“In that aspect it’s fairer, but, as we know, it has been used in different ways, it sometimes takes longer than we all want to make decisions and then the decisions are subject to the opinion of the referee and sometimes others. Hopefully we’ll get there and we’ll use it as a tool to make football fairer. At the moment we are still trying to figure out how to do that, but we need to adapt. If you adapt, I think you’ll find a better way of trying to manage the situation rather than complaining and not wanting to accept it, that doesn’t make any sense. So let’s choose the first option.

“One big thing that has changed the game recently was having no fans at games. It can really affect things that can happen in a game, like the reaction from a team after you score a goal or you concede. If you have fans, they have an impact on that. Having no fans is changing some aspects of football, which can also maybe affect the results. We have seen lately, let’s say some ‘different’ results from what we’re used to, from almost every team. So again it’s a different situation we need to adapt to. We did very well without fans for the last part of last season, but of course we want to play for the fans and without them football is not the same at all.”


“I have always seen the essence of football in the same way, mainly what I learned from my dad, but you have to be able to adapt. That’s key. If you are living in this era and the way football is changing, then either you adapt yourself and you change and modernise your thinking or you’ll get stuck in the past. Of course, from my point of view you have to have some values and principles that stick with you always, it doesn’t matter what age you are, but there are certain things that need to change.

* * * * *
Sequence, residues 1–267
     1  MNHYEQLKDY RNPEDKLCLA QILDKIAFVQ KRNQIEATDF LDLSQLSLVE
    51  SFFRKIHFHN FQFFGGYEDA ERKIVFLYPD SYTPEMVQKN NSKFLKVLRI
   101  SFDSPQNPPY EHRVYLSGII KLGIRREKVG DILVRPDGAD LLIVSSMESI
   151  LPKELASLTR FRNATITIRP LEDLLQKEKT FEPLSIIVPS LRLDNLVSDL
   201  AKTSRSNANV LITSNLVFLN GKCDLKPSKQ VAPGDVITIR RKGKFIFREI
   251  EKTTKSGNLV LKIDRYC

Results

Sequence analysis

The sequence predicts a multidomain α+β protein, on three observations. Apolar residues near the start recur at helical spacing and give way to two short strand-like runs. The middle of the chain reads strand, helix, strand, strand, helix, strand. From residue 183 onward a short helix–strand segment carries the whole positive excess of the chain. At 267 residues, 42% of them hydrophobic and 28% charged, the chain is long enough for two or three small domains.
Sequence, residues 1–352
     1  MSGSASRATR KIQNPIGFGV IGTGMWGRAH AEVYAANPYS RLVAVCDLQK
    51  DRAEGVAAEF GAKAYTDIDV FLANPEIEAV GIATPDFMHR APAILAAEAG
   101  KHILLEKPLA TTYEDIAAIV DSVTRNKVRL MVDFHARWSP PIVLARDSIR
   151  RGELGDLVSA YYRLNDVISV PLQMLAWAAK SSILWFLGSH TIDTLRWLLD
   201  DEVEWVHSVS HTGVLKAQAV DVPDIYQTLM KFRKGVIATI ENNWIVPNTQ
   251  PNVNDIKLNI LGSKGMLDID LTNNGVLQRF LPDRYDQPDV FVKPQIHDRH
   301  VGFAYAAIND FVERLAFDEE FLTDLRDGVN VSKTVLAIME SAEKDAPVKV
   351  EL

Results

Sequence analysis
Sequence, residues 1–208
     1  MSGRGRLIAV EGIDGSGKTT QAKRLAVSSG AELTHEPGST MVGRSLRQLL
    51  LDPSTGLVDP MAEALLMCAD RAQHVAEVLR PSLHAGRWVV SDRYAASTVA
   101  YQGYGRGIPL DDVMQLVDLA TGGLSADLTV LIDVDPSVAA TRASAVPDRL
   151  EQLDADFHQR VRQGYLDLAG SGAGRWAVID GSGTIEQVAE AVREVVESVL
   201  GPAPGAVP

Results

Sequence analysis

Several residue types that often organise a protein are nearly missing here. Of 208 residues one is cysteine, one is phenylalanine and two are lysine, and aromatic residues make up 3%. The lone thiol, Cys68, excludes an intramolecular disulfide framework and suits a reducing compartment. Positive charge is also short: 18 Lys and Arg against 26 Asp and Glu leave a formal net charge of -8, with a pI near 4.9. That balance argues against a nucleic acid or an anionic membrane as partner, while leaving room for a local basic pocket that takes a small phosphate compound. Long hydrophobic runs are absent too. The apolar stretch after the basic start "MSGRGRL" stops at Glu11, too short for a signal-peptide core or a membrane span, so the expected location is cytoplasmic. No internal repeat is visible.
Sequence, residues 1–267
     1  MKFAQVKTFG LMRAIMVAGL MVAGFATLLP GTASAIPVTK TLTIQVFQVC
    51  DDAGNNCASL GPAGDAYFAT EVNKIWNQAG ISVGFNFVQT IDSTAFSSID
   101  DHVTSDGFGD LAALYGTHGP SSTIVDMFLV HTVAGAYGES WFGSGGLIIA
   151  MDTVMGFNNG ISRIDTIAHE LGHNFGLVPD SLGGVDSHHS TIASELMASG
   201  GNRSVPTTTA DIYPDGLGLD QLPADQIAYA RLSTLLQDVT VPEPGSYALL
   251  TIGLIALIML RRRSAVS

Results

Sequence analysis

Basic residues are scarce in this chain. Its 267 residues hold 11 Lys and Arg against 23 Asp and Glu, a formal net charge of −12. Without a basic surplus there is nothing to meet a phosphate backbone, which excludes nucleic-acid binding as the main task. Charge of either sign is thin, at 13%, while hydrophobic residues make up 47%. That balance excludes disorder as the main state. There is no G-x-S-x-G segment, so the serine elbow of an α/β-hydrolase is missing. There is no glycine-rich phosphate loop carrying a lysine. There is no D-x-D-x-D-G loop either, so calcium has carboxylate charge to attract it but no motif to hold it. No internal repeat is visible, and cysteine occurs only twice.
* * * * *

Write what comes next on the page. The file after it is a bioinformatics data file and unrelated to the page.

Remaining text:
“The essence of football for me is I love to play with the ball. I enjoy being with the ball. I love to go for wins, I love to feel like a family in the dressing room and with everyone at the club. I love to feel like one with the supporters and for them to be proud of the way we play and the way we try to win games. I love it when I see players improving and getting to a different level thanks to their team-mates, the manager and everyone around them. There are many things in football that I love, it’s that essence. For me the essence is when I used to play with my friends in school, we played play one-against-one, we tried tricks, we scored goals… yes, of course, now the demands are different, but the sport is the same and the core of it and the feeling I have for it is the same.